1129. The Spy Who Loved Me (1977)

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6.8 Missing a lot
  • Acting 6.8
  • Directing 6.9
  • Story 6.8
  • User Ratings (0 Votes) 0

Starring; Roger Moore, Barbara Bach, Richard Kiel

Director: Lewis Gilbert

Running Time: 125 mins


The Spy Who Loved Me is a British film and the tenth in the James Bond series. After being paired with a Soviet woman whose lover he once killed, Bond uncovers a madman’s plot to start nuclear armageddon by hijacking Soviet and British submarines carrying nuclear warheads and storing them for his own use.

This may seem a bit like some of the zanier, more enjoyable Bond films from the Sean Connery era, but for some reason, The Spy Who Loved Me is really lacking in entertainment, characters, action and a decent story. Yes, it has its moments, and at those points it’s hard to look away, but for the most part, this is a pretty generic affair that just isn’t so captivating.

Let’s start with the man at the centre of all this, Roger Moore. Now, in his first outing, Live And Let Die, he brought another impressive take on 007 to the franchise, however by this, his third film, that character has just got a little tiring. Connery, throughout all six of his films, was always a delight to see on screen, because the way he played Bond was just so exciting; he made him a classy, witty and clever maverick who still wasn’t perfect, and that always made it a fascinating watch.

However, Moore’s approach just feels too formulaic. Sure, it is a good bit of fun from time to time, and he pulls off the classy element of Bond very well, but in truth, the puns are just frustrating, he’s definitely not funny enough in this film, and he just seems too nice for everything that’s going on, rather than a clearly grizzled and experienced secret agent like Sean Connery.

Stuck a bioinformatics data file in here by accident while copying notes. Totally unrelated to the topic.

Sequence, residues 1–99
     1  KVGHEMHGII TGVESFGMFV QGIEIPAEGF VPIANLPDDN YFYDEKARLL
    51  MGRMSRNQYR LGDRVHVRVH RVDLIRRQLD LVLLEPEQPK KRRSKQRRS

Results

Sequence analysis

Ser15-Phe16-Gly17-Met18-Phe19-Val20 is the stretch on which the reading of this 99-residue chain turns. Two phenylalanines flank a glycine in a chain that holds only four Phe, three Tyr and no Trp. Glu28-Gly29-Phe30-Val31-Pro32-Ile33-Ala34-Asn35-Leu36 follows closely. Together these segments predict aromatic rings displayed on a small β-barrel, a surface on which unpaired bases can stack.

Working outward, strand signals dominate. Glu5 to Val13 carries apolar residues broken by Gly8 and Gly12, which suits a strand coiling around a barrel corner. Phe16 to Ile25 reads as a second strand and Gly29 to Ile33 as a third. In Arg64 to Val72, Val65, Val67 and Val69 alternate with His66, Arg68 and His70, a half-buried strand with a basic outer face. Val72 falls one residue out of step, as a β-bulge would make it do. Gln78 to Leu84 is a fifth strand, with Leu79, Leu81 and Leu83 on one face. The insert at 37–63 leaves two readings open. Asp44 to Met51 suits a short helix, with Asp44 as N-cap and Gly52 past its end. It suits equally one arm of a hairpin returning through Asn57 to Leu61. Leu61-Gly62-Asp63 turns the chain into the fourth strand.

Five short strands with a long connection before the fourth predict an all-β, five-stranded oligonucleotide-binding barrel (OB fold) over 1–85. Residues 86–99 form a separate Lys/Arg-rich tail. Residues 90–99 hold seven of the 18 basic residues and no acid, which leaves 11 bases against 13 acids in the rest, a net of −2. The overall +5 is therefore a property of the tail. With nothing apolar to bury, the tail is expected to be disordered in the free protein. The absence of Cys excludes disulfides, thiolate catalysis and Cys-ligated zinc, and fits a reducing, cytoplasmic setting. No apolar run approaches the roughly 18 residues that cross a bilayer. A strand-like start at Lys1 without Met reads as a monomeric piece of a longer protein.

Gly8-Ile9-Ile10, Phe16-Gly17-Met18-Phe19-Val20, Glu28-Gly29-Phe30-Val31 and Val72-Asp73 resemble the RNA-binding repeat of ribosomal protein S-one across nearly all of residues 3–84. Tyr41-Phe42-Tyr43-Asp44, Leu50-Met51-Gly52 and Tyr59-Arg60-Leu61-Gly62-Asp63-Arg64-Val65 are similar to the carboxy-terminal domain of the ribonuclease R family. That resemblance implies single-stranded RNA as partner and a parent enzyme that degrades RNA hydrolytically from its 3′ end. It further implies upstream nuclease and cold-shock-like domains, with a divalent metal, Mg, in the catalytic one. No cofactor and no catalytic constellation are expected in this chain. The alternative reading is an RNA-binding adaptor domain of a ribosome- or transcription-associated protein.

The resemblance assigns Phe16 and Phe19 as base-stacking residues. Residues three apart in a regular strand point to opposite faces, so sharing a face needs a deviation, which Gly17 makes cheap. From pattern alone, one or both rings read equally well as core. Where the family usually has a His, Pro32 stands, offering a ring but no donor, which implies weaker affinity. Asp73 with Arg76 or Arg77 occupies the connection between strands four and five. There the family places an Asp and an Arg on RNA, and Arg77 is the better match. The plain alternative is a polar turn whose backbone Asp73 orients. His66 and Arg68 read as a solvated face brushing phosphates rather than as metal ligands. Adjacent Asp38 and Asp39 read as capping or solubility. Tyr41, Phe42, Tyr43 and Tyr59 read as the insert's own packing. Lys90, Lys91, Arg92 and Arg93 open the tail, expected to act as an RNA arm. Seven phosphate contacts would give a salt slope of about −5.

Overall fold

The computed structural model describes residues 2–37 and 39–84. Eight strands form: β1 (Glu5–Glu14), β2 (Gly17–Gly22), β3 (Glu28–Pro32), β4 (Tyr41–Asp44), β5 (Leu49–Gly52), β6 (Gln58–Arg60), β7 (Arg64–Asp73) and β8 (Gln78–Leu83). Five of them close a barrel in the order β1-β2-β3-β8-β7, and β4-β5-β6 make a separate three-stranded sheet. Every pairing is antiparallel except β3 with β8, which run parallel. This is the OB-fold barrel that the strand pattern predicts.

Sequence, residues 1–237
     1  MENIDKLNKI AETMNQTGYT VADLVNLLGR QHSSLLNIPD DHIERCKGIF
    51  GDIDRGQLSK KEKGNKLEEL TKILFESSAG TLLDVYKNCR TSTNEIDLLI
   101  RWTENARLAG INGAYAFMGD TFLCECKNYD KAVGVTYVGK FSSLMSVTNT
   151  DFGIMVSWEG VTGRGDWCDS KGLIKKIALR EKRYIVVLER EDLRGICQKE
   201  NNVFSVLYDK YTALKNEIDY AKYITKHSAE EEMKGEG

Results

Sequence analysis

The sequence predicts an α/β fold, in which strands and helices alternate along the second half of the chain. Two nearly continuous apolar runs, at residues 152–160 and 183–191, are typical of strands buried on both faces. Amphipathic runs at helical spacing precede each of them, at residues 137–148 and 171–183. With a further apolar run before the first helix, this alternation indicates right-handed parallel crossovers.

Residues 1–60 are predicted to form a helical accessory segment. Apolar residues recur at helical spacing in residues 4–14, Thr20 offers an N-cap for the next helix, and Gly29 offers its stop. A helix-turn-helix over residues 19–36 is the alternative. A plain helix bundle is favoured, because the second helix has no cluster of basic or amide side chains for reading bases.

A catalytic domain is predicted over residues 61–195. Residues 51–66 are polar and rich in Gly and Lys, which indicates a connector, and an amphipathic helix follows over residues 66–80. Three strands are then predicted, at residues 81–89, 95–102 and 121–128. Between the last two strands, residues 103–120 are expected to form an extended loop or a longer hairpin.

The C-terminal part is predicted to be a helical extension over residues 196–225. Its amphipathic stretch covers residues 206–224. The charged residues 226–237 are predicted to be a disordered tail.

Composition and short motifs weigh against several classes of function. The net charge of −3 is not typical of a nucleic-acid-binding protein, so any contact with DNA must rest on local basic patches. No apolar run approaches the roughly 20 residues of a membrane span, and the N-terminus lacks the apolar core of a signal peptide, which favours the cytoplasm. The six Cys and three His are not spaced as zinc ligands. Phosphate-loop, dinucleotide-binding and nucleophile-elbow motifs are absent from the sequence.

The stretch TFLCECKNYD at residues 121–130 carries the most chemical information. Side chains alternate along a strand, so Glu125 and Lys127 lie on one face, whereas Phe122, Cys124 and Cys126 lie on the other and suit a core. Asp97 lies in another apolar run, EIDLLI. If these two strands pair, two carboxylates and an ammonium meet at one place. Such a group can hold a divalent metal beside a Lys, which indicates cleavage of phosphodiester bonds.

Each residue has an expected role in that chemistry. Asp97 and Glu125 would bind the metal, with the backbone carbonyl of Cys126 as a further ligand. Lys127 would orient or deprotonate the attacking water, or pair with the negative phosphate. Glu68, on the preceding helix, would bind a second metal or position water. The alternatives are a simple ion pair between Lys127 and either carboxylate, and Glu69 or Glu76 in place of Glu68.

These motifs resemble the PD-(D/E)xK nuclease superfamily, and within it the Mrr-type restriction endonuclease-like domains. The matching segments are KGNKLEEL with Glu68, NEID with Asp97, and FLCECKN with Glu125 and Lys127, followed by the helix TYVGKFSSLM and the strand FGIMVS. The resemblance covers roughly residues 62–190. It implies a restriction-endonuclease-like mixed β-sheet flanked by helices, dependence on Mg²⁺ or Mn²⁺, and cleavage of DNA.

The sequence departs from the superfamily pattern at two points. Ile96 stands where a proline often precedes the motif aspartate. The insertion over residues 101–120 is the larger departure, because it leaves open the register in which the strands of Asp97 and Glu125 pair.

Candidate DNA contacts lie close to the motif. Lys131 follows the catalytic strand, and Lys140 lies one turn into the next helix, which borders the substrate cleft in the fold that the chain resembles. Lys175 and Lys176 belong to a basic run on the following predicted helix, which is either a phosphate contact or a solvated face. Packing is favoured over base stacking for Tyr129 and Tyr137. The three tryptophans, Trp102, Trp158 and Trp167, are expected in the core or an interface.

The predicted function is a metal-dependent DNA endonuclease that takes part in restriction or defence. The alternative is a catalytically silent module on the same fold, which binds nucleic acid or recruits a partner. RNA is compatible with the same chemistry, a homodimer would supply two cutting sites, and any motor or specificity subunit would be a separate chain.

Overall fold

Anyway, moving on from that, there are bigger problems with this film than Roger Moore. Mainly, the story is simply pretty terrible. Following the Bond formula as closely as possible, this almost feels like the point where it begins to flounder. It’s still great to see crazed megalomaniacs attempt to take over the world in the most convoluted way possible, but there really is nothing new here at all. Nothing new to get you excited, and definitely nothing unpredictable enough to make a properly thrilling action story.

There is some action throughout, however. In general, it’s not stunning, but it does inject some energy into an otherwise lacklustre and sluggish plot, particularly in one famous chase sequence, by far the most captivating part of the entire movie, that reminds you of how good Bond can be, but most of the time, this isn’t that.

Finally, the characters here are very poor. We’ve already looked at Bond himself, but the supporting players are pretty dull too. With the exception of the terrifying henchman Jaws, the villain in this film, Karl Stromberg, is a pale imitation of the greatest Blofelds of the 1960s, whilst the Bond girl, Anya, despite being given a fascinating and potentially game-changing back story right at the beginning of the film, has all the intrigue written out in exchange for a typically forced romance with Bond, a huge disappointment.

Overall, I’ll give The Spy Who Loved Me a 6.8, because despite one or two moments where it shines, this is on the whole a very disappointing, slow and unexciting edition of the Bond series.

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About Author

The Mad Movie Man, AKA Anthony Cullen, writes articles and reviews about movies and the world of cinema. Since January 1st, 2013, he has watched and reviewed a movie every day. This is the blog dedicated to the project: www.madmovieman.com